Dancefilm: Choreography and the Moving Image is a rich exploration of the choreographic in cinema. It traces the history of the dancefilm form from some of its earliest manifestations in the silent film era, through the historic avant garde, musicals and music videos to contemporary experimental short dancefilms. In so doing it also traverses some of the most significant collaborations between dancers, choreographers, and filmmakers. Bringing film theory and dance theory into dialogue, the book argues that the combination of dance and film produces cine-choreographic practices that are specific to the dancefilm form. As whole, the book thus presents new models of cinematic movement that are historically informed and interdisciplinary in nature. An extensive companion website provides key video illustrations and links to online resources.
Advance Praise for Dancefilm: Choreography and the Moving Image
“This is a book of tremendous reach and range, shuttling easily up and down the decades, moving nimbly between dance history and film theory, and hopping happily back and forth between big mainstream movies and small experimental gems. It's a book bejeweled with zinging phrases, memorable quotations and big ideas tautly expressed. Best of all, it's an hospitable book with a great cast of characters, wherein film stars rub shoulders with theorists and the commercial converses with the avant garde.”—David Hinton, Filmmaker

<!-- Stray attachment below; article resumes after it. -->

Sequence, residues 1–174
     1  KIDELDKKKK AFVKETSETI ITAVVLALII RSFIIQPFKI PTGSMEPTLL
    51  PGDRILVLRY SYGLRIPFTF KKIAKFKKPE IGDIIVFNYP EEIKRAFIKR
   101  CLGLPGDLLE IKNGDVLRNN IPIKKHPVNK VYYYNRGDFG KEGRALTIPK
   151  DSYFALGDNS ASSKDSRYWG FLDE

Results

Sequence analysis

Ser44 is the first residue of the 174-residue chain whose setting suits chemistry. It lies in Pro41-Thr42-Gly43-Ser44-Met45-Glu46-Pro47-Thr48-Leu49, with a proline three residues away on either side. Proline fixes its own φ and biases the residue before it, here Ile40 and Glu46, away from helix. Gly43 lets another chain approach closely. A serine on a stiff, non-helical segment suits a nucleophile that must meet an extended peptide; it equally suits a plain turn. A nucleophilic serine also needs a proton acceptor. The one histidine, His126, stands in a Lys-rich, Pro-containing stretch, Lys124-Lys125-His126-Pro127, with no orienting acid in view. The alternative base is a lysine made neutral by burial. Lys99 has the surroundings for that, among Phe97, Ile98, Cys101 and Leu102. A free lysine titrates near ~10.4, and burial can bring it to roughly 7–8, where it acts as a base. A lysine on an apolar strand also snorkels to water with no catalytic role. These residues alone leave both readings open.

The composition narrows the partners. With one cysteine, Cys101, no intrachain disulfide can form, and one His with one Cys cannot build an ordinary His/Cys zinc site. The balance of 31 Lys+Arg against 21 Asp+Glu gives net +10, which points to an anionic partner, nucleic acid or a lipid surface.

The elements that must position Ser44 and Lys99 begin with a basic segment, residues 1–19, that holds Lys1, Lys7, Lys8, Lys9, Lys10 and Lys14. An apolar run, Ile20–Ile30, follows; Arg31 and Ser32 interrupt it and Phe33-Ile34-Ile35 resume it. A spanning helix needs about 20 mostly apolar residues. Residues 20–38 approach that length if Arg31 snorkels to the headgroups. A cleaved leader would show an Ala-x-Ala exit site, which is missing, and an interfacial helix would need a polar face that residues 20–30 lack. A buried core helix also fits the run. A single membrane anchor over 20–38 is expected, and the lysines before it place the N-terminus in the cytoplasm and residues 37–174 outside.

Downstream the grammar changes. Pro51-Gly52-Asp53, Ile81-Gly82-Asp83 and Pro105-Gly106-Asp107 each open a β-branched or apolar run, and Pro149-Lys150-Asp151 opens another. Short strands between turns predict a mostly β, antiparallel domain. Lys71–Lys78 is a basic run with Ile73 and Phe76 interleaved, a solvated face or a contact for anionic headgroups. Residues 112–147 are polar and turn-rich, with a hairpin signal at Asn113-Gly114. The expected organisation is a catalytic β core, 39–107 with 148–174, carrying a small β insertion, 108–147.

“This book makes a convincing case for recognizing that work choreographed by and with the camera is an art form with its own distinct properties. Drawing on philosophy, dance studies, and film theory, Brannigan offers acute insights into the nature of dancefilm.”—Ramsay Burt, Professor of Dance History, De Montfort University
“Images move; dancers make images: the complexities of this choreographic interweave are here explored in a range of illuminating ways. Erin Brannigan’s book is an innovative contribution of equal importance to cinema studies and dance research.”—Jane Goodall, Adjunct Professor, Writing and Society Research Group, The University of Western Sydney